…only the best-financed women get to be called “Senator” instead of “Ma’am.”
In a day when the GOP tide swept across the Midwest but failed to reach the Pacific time zone, the former HP CEO appears to have failed in her efforts to dislodge her better financed rival. (Fiorina had noticeably fewer TV ads than her opponent or either gubernatorial candidate.) Longtime incumbent Barbara Boxer won despite (as one otherwise sympathetic reporter put it) having “lower approval ratings than 49ers quarterback Alex Smith.”
What really struck me, however, was an article Monday in the Merc, whose editorials strongly backed Boxer for decades. The front page story offered a surprisingly sympathetic report of a Fiorina unrecognizable in the Boxer attack ads — or even her own:
Several voters who came to see Fiorina in person on the campaign trail last week said they were struck by how different the candidate is in person from how she's depicted on TV. Fiorina warmly recalled her early life, including her amazement at seeing oranges on trees when she moved to California as a girl and her early stumbles finding a career path. With the ease and command of a talk-show host, she went on to describe some of the personal triumphs that eventually brought her to the highest rungs of corporate America.Warm? Genuine? These are not terms I would have used for Fiorina when I moved to Silicon Valley eight year years ago, and had yet to forgive her for destroying the “HP Way” en route to saving the company. But Fiorina demonstrated good humor and even humility in her remarks Tuesday night.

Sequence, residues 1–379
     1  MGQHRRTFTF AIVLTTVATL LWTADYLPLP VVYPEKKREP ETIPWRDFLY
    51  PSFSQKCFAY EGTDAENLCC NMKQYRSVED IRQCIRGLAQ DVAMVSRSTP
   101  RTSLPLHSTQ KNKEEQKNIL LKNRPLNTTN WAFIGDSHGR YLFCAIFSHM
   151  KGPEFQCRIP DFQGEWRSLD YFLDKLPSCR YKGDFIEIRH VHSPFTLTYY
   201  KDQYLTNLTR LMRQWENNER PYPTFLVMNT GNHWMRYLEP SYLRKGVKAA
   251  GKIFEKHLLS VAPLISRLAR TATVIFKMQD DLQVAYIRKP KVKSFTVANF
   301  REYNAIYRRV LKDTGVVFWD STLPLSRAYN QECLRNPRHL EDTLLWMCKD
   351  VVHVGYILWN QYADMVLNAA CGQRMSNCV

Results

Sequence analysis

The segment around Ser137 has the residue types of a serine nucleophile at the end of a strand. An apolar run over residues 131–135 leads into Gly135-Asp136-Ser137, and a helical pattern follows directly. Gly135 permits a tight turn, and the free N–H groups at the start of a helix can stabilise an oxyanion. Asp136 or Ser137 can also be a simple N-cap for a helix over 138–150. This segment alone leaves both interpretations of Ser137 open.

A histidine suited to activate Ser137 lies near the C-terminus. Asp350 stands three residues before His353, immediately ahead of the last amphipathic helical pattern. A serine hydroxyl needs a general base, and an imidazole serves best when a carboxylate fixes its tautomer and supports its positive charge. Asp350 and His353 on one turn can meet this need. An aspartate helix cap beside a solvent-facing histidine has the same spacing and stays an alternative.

"She's much more genuine in person than she is on TV," said Raquel Unger, a real estate agent who arrived at a campaign stop in Orange County undecided on the Senate race but left counting herself a Fiorina supporter.
"She wasn't like she's shown on TV -- all the stuff about firing people and sending jobs out of the country," Republican voter Ethel Lover said after a different Fiorina event.
Who knows if Fiorina could have won with a more human strategy? Even in a blue state, Boxer has always been the most vulnerable statewide officeholder (next to Gray Davis), far more so than the widely popular (onetime centrist) Dianne Feinstein. But it’s still a very blue state, as all but one statewide office went to the Democrats Tuesday. And — like all political rookies — we don’t know whether if elected Fiornia would have been effective (like a Bill Frist) or a fiasco (like the Governator.)
With her re-election, Boxer gets to extend her tenure as senator from 18 to 24 years. Sen. Boxer has a few contradictions, such as blasting Fiorina for sending HP jobs offshore while running a campaign event at Cisco, which like HP has also been growing its jobs overseas (something even her hometown paper noticed.) Like most successful politicians, she has successfully managed contradictions before.
A year ago, Boxer famously noted that it’s hard to become a Senator. As AmEx likes to say, Membership Has Its Privileges(™). A six year re-election cycle provides senators a luxury no other elected official in this country enjoys.